Automation ensures the right account ownership, prevents bottlenecks, and strengthens workflows.
What is an ACH Verification Process?
When it comes to the disbursement of funds, one of the most popular ways a business chooses to send and receive is through the Automated Clearing House—otherwise known as ACH. However, an organization still needs an efficient method of connecting with and verifying the customer’s bank account data. Without the bank account information, there’s no way of knowing if the ACH transfer is secure. The data required typically consists of an account number and routing number.
Bank verification is necessary for a customer to initiate payment to you from their checking account. Bank account verification checks to see that the user attaching the account details is the owner. It also ensures there won’t be insufficient funds when processed.
This type of instant verification is crucial for the account validation of both parties. ACH transactions can not happen without validation.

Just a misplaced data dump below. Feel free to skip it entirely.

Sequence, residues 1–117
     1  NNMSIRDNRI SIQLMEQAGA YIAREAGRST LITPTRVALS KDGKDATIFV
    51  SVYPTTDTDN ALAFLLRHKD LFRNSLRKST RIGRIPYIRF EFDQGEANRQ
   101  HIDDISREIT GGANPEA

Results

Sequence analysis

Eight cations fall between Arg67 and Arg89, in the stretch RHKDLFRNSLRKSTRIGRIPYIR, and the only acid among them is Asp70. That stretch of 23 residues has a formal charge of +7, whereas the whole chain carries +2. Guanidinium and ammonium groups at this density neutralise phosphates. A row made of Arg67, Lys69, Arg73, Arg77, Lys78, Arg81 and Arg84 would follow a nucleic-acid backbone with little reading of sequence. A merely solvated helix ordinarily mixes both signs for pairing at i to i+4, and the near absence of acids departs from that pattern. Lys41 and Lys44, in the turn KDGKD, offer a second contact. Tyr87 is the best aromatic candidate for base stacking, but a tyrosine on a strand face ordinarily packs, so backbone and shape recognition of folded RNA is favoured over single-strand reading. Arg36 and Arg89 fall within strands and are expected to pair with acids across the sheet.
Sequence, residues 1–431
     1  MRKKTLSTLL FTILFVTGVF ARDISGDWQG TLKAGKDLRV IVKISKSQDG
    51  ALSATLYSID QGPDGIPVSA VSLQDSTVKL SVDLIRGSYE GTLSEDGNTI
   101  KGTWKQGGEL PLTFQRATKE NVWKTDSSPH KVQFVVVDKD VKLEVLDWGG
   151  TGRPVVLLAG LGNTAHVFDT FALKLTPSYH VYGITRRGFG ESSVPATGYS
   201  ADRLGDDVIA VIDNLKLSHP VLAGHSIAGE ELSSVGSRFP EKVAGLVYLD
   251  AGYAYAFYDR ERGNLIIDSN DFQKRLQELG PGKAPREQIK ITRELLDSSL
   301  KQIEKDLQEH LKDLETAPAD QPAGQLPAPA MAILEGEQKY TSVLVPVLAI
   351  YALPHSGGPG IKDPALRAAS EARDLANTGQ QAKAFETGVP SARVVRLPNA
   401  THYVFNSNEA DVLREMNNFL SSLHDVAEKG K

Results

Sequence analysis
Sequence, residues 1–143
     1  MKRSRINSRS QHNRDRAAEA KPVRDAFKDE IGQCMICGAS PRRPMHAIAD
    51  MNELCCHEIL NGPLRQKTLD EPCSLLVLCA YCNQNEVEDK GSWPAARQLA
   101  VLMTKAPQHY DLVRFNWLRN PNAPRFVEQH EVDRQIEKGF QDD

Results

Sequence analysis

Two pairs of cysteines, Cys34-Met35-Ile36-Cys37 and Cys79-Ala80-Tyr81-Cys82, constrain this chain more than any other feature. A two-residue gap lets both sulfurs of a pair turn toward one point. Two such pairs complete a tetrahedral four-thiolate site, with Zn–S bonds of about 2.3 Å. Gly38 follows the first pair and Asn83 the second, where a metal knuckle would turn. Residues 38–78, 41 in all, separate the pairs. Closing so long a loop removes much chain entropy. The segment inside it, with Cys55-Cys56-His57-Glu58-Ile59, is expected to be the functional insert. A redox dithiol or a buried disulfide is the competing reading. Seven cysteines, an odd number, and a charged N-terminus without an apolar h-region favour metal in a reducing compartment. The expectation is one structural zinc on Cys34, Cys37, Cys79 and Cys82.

Typically there are three ways a financial institution can verify:
- Instant Account Verification
- Third-Party Integration
Whether it’s an ACH credit or an ACH debit, all of these apply.
These are tiny deposits of less than 10 cents that will verify ownership of a specific bank account. While this accommodates the vast majority of the United States population, if a bank doesn’t offer online banking or a user can’t remember their data, this option may provide a self-contained verification process. In other words, it’s invalid.
Instant Account Verification (IAV)
Some applications can quickly and easily verify an account using code. This allows a business to integrate IAV. To verify an account, a user must enter their banking credentials. Integrating ACH transfers this way can reduce labor and payment processing costs.